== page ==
This turbocharged boxer-four is smooth and surprisingly potent.
The Ascent’s engine is matched exclusively to a continuously variable transmission, one that provides eight simulated gears when shifted manually. This unit does an admirable job providing strong performance and good fuel economy. Thanks to abundant torque and favorable gearing, this SUV practically leaps off the line when you tap the accelerator. This gusto carries through to higher speeds, too. No, the Ascent isn’t sports-car quick, but its performance is strong. I do wish, though, that the “gearbox” were a bit smoother. This is an odd complaint for a CVT since they don’t really, you know, shift, but occasionally this transmission feels clunky, shuddering slightly at lower speeds.
Rounding out the Ascent’s powertrain is standard all-wheel drive, which is completely transparent, at least in dry, summer conditions. This system would be a godsend in winter slop or on wet roads, but it should also help make this SUV a stable towing platform. All in, the Ascent is rated to drag up to 5,000 pounds, a figure that’s right in line with the competition.
Overall, the Ascent’s mechanicals should get you 20 mpg in city driving and 26 mpg on the highway. Combined, the Ascent is rated at 22 mpg, a figure I’ve managed to beat without much effort. According to the trip computer, the Onyx Edition model I’m testing is returning an impressive 23.5 mpg. Curiously, according to the EPA, lower-trim Ascents are slightly more efficient than higher-end models.
You get class-competitive amounts of cargo room in this Subaru.
Refined and responsive, the Ascent’s powertrain is a winner, but the vehicle’s other dynamics could be improved. My chief complaint is the steering, which is loose and imprecise, too light on center and overly boosted. I get it, nobody buys a three-row SUV for canyon carving, but competing vehicles offer more precise steering and feel nimbler than the Ascent.
This SUV’s ride quality is refined, neither so stiff that it crashes over bumps nor too soft that it wallows like a hog when hustled. The structure feels like it was carved out of a steel billet and is completely unyielding, with no quivering or shakes when driven over broken roads.
That solid foundation helps provide excellent crash performance, a major consideration of any family-oriented vehicle. This Subaru earns a Top Safety Pick Plus rating from the Insurance Institute for Highway Safety, the highest score the smash-’em-up organization hands out. The vehicle received “good” crash-test scores across the board, comes with excellent accident-prevention technology, has easy-to-use child-seat anchors and has bright LED headlights.”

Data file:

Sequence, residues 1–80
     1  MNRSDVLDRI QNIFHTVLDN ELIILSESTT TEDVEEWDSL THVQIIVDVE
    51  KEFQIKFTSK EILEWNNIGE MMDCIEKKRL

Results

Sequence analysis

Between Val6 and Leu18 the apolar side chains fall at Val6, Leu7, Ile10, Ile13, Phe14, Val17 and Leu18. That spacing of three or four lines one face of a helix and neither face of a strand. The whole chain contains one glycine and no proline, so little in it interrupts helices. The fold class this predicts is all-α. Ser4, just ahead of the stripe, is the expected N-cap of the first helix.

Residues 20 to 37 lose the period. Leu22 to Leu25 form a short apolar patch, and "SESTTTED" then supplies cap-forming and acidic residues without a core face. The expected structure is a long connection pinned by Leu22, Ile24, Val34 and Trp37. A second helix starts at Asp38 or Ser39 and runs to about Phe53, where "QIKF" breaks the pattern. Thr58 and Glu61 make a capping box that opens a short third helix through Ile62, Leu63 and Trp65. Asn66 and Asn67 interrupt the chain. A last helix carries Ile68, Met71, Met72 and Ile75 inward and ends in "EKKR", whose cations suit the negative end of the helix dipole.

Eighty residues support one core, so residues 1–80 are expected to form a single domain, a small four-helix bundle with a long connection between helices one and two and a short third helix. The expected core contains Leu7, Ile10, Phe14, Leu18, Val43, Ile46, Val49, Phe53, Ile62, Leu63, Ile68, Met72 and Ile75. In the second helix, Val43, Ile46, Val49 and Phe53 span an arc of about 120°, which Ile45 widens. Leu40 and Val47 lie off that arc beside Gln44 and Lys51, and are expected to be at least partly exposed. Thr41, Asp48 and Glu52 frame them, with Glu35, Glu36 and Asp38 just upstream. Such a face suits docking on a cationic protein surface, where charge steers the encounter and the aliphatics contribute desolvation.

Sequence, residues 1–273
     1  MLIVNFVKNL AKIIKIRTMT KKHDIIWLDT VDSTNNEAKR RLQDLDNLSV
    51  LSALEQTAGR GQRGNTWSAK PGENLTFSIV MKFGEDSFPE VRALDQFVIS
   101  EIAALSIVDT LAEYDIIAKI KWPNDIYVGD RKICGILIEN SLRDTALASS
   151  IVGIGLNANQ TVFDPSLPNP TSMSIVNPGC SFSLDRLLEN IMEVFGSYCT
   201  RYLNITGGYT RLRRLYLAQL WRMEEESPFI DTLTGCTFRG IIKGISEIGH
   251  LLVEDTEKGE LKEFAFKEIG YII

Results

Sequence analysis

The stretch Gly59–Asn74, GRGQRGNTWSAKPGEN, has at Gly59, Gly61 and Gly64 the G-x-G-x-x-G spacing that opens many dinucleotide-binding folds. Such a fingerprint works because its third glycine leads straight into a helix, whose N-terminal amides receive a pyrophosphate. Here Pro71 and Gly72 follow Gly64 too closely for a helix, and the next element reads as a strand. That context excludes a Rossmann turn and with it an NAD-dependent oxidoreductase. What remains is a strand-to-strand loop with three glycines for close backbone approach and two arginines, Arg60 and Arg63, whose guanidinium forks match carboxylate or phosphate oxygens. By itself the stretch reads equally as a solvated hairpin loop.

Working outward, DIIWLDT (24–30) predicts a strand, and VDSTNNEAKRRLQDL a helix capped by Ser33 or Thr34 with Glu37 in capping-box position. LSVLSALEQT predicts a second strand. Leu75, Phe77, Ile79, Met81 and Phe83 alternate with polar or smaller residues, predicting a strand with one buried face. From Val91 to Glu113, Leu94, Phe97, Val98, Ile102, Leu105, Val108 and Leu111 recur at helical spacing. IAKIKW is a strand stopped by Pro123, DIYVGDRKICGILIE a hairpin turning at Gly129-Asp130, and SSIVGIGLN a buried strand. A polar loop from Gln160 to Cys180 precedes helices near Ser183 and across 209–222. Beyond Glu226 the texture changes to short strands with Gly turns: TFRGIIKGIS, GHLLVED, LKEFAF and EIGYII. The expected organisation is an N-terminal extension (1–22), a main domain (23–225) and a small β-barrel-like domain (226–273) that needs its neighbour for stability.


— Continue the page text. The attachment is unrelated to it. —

The 2022 Subaru Ascent is a well-rounded three-row SUV.
The automaker’s EyeSight suite of driver aids is standard across the Ascent range. This includes items like lane-departure warning, adaptive cruise control and automatic emergency braking. Lane centering is bundled, too, though it’s far from the best available today, constantly beeping when road markers end or if you turn past a certain point while cornering. This feature also tugs awkwardly at the wheel sometimes, paradoxically making it harder to drive. Fortunately, lane centering is easy to switch off. Automatic high beams are included at no extra charge and all models, save the base version, come with blind-spot monitoring and rear cross-traffic alert.
In the thick of it
This 2022 Subaru Ascent Onyx Edition SUV checks out for an eminently reasonable $41,320 including $1,125 in destination fees, a total that’s right in line with the average new-vehicle transaction price these days. That figure is padded by a $2,200 options package, which includes a panoramic sunroof, cargo-area cover and adds embedded navigation to the Starlink infotainment system. Not only is the Ascent a roomy, comfortable and incredibly safe three-row SUV, it’s also a strong value.
Even though I’d rather have a Hyundai Palisade, Kia Telluride or Honda Pilot, which are more upscale and better to drive, I can’t fault anyone for buying a Subaru Ascent. This family-hauler is an eminently logical choice, one that’s in the thick of the three-row SUV segment, competing on equal terms with rivals like the Toyota Highlander, Ford Explorer and Chevy Traverse.